TAUNGGYI, Myanmar (Reuters) - Myanmar's military has killed about 30 members of what it has described as a Rohingya Muslim militant group, state media said on Monday, marking the largest escalation of the conflict since fighting erupted in the northwest a month ago.
The weekend's killings in restive Rakhine state have essentially destroyed any hopes for a swift resolution to the fighting and a gradual restoration of communal ties, observers and diplomats say.
Soldiers have poured into the Maungdaw area along Myanmar's frontier with Bangladesh in the north of Rakhine, responding to coordinated attacks on three border posts on Oct. 9 in which nine police officers were killed.
Security forces have locked down the area, where the vast majority are Rohingya Muslims - shutting out aid workers and independent observers - and conducted sweeps of villages.
Skirmishes took place throughout the weekend with state media reporting casualties sustained both on Saturday and Sunday. The total death toll from the weekend was unclear, but included at least 28 alleged attackers and two soldiers.
This has increased the number of casualties since Oct.9 to more than 60 for the suspected Rohingya Muslim attackers and 17 for the security forces, according to a Reuters estimate based on reports by state-owned media.
The violence is the most serious to hit Rakhine since hundreds were killed in communal clashes in 2012.
Myanmar's 1.1 million Rohingya Muslims are the majority in northern Rakhine but they are denied citizenship, with many Buddhists regarding them as illegal immigrants from neighboring Bangladesh. They face severe travel restrictions.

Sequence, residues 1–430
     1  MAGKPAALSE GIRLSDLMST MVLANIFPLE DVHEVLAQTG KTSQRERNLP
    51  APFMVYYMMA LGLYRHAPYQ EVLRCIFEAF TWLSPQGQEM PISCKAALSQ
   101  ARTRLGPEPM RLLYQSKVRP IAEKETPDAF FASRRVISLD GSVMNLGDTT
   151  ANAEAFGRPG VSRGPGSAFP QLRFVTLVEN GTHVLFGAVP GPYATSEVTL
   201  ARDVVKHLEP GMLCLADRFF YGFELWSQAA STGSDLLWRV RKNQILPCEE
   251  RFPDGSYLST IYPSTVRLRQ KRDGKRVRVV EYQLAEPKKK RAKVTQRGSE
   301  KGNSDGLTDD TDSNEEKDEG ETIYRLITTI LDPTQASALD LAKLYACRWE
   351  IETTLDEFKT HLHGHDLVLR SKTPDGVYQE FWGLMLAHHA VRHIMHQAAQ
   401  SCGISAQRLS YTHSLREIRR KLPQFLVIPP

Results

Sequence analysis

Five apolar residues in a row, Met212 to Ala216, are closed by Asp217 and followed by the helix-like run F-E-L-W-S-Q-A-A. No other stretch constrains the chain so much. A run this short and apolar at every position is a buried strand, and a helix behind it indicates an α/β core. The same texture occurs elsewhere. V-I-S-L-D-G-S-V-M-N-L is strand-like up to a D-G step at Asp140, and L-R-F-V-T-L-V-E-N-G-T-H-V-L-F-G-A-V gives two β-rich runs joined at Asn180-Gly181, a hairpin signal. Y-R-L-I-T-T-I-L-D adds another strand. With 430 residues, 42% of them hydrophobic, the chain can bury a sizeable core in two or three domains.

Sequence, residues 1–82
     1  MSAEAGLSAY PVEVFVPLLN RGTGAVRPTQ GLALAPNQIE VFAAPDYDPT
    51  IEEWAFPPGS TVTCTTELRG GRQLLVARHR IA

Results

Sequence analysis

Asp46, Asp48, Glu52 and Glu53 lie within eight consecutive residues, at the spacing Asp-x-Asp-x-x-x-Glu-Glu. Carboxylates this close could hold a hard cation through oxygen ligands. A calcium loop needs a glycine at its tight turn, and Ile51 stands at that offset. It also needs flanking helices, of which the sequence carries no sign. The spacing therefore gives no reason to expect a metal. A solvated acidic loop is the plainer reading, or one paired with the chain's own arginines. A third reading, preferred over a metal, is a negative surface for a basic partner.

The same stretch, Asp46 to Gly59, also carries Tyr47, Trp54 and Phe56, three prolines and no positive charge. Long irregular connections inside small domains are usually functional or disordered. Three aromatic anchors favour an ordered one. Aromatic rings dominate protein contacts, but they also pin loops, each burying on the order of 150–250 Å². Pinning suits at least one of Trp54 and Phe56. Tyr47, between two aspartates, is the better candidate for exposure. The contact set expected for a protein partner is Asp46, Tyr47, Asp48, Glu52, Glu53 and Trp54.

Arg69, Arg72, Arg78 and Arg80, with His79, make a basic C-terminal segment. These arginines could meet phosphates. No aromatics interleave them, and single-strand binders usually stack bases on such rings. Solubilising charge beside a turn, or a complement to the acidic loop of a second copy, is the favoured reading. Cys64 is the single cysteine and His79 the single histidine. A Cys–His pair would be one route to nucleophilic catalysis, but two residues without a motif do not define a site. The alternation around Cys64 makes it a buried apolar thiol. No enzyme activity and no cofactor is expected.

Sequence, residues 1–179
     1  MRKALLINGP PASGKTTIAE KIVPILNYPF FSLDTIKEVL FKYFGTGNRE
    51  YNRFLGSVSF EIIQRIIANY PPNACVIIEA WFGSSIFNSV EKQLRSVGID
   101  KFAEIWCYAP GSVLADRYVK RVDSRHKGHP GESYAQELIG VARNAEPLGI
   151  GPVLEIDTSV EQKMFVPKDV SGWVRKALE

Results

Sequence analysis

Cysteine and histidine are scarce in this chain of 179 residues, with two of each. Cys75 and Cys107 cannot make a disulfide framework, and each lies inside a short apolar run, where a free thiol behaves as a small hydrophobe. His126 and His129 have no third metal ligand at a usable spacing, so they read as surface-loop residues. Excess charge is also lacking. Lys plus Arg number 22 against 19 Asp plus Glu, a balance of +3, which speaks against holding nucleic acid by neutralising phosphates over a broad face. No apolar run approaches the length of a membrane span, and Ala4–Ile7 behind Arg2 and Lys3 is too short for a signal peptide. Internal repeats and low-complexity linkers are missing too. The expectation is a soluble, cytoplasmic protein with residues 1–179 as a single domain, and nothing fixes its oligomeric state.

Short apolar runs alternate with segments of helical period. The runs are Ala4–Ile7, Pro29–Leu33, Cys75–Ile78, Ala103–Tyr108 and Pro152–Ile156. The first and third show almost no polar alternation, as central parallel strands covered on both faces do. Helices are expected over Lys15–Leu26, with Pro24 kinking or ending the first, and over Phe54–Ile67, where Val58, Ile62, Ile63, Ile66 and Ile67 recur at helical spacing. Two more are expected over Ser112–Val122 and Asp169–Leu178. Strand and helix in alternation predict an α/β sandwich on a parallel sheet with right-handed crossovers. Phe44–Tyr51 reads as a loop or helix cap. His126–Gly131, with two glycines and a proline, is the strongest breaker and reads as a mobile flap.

Residents and human rights advocates have accused security forces of summary executions, rapes and setting fire to homes in the recent violence.
Satellite images showed a widespread destruction of Rohingya villages, including some 430 homes that have been burnt down, Human Rights Watch said on Saturday, adding the destruction was worse than initially feared.
The government and the army reject the accusations, saying they were conducting "clearance operation" in the villages in accordance with the rule of law. They have blamed the "violent attackers" for setting fires to homes.
On Sunday, the military killed at least 19 people after coming under attack from a group wielding machetes and wooden clubs, the state-owned Global New Light of Myanmar said.
On Saturday, the army killed six people and called in helicopters to reinforce, the paper said.
Three more bodies of suspected attackers were found "in the aftermath of the clearance operation", it said.
Rohingya rights advocates have spread online video clips showing what they claimed were civilian casualties of the attacks, calling on the international community to investigate.
Because access for independent journalists to the area has been cut, Reuters could not independently verify either the government accounts or the video clips.
(Reporting by Antoni Slodkowski; Editing by Nick Macfie)